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BARCELONA, Spain—At last week’s Mobile World Congress 2023 (MWC23), Open RAN and private 5G were two of the biggest topics dictating cellular industry discussion. Technologists involved in hardware and software for telecoms were betting on Open RAN to grab a slice of the 5G market. At the same time, traditional infrastructure providers were not impressed, expressing their continued interest in the lucrative private wireless market.
On the consumer side, brands came to show their new devices, with big names like Samsung, Huawei, Honor, Oppo, Asus and others exhibiting new handsets, tablets, wearables and other connected devices. The new models, however, do not offer remarkable technology—rather, they offer novel, faster chipsets and higher-resolution cameras.
New Wi-Fi 7 (IEEE 802.11be) devices also appeared at the show, with companies like Intel, Broadcom, Qualcomm, MediaTek, Asus, TP-Link, Xiaomi and many others already showcasing working access points and devices using the new standard.
Semiconductor and communication companies, however, came with a much bigger presence in MWC: Prominent vendors like Qualcomm, Samsung, Intel, AMD, Arm, Cisco and others had large pavilions to showcase their new offerings, trying to grab a piece of the fast-growing 5G wireless market.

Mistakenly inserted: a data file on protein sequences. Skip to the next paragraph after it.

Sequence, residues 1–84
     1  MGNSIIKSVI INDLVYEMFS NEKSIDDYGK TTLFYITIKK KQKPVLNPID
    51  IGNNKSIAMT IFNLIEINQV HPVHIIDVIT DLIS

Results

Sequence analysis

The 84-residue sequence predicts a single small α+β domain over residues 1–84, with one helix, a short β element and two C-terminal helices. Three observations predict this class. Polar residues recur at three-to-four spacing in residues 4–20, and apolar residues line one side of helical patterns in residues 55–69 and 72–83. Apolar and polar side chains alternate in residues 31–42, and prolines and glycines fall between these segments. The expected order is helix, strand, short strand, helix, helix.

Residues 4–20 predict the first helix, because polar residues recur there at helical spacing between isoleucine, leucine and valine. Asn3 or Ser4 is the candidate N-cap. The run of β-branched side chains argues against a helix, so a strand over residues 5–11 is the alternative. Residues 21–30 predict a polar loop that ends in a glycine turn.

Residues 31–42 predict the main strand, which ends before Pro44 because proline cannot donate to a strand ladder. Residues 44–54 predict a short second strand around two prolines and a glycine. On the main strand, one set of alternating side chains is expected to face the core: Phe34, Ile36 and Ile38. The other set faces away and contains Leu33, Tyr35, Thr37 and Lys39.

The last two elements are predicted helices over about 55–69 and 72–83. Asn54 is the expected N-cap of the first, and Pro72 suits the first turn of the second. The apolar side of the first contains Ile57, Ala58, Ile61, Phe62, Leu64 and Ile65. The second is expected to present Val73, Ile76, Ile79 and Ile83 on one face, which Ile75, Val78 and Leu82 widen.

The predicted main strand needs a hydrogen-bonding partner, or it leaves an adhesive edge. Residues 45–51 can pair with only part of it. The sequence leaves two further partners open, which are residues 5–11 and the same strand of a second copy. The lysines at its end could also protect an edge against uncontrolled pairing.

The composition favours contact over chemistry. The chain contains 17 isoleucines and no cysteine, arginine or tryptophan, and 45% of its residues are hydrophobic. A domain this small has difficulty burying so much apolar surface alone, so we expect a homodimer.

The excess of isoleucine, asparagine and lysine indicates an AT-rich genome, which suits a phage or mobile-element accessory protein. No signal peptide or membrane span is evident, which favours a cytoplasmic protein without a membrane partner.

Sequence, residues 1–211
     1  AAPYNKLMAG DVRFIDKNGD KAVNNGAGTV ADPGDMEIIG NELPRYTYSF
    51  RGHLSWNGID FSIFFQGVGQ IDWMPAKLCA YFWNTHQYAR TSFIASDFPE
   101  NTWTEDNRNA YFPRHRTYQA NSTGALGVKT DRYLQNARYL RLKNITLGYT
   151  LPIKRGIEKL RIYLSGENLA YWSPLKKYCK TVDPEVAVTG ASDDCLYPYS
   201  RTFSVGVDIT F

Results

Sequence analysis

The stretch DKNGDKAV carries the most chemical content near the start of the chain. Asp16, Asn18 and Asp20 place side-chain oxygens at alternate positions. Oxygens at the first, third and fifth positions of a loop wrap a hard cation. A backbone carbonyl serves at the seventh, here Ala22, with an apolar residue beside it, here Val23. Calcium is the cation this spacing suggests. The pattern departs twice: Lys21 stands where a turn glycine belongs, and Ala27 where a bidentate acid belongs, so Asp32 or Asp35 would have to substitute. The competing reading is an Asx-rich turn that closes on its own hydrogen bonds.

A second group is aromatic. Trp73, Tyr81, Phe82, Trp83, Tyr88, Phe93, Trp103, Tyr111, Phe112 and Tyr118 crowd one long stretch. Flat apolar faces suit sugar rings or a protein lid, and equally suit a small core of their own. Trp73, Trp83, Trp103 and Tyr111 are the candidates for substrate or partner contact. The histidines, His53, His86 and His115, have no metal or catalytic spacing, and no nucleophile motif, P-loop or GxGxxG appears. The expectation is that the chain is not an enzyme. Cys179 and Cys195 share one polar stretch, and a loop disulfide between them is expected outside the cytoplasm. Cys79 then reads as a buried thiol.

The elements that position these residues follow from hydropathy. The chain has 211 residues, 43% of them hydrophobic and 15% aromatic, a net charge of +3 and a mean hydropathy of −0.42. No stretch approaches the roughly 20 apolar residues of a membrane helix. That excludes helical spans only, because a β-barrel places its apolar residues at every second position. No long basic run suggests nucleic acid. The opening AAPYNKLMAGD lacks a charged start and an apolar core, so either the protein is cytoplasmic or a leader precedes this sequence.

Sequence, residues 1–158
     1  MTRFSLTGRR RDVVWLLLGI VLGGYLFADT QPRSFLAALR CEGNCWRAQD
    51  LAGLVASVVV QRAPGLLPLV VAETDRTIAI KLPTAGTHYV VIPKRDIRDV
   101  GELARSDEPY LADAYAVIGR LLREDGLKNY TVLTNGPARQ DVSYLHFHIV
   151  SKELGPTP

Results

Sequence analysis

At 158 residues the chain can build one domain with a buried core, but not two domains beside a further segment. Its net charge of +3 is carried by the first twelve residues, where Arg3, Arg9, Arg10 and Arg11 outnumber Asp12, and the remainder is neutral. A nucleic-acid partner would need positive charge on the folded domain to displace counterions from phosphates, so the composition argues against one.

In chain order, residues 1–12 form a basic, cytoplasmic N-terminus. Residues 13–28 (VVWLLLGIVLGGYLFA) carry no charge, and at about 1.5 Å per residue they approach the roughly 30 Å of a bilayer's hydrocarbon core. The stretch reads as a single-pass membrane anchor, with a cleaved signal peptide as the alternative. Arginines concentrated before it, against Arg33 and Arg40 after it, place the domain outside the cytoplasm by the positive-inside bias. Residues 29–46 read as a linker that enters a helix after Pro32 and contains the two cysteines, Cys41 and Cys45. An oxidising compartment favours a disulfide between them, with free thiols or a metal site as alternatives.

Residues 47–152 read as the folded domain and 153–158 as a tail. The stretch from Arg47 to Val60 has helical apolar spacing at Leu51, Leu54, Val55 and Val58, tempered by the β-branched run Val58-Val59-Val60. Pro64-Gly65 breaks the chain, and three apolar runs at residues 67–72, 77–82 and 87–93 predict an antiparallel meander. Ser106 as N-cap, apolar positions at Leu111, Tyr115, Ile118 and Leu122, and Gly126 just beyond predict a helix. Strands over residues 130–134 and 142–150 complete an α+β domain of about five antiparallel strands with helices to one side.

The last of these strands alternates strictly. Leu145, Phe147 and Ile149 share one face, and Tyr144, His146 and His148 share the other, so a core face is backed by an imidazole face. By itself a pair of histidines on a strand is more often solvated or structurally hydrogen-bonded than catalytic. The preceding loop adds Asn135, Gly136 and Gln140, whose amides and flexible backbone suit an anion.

Meanwhile, the big cellular infrastructure providers like Nokia, Ericsson and Huawei were competing for the new standalone 5G networks’ hardware and services, selling directly to large industrial customers offering private LTE and 5G networks.
Open RAN opens competition in 5G hardware and software
Walking around at MWC23, especially in the halls dedicated to the component and semiconductor manufacturers, Open RAN and virtual RAN (vRAN) were everywhere. The new radio and open hardware interfaces’ programmability allows many new players to enter a market previously reserved for the big infrastructure providers.
Leading cellular infrastructure providers are not happy with the new competition, but they recognize that Open RAN is here to stay—but it will take some time for new players to become a real threat to their business.
Peter Jarich, head of GSMA Intelligence, offered his views on Open RAN and how it will impact the cellular industry in the future.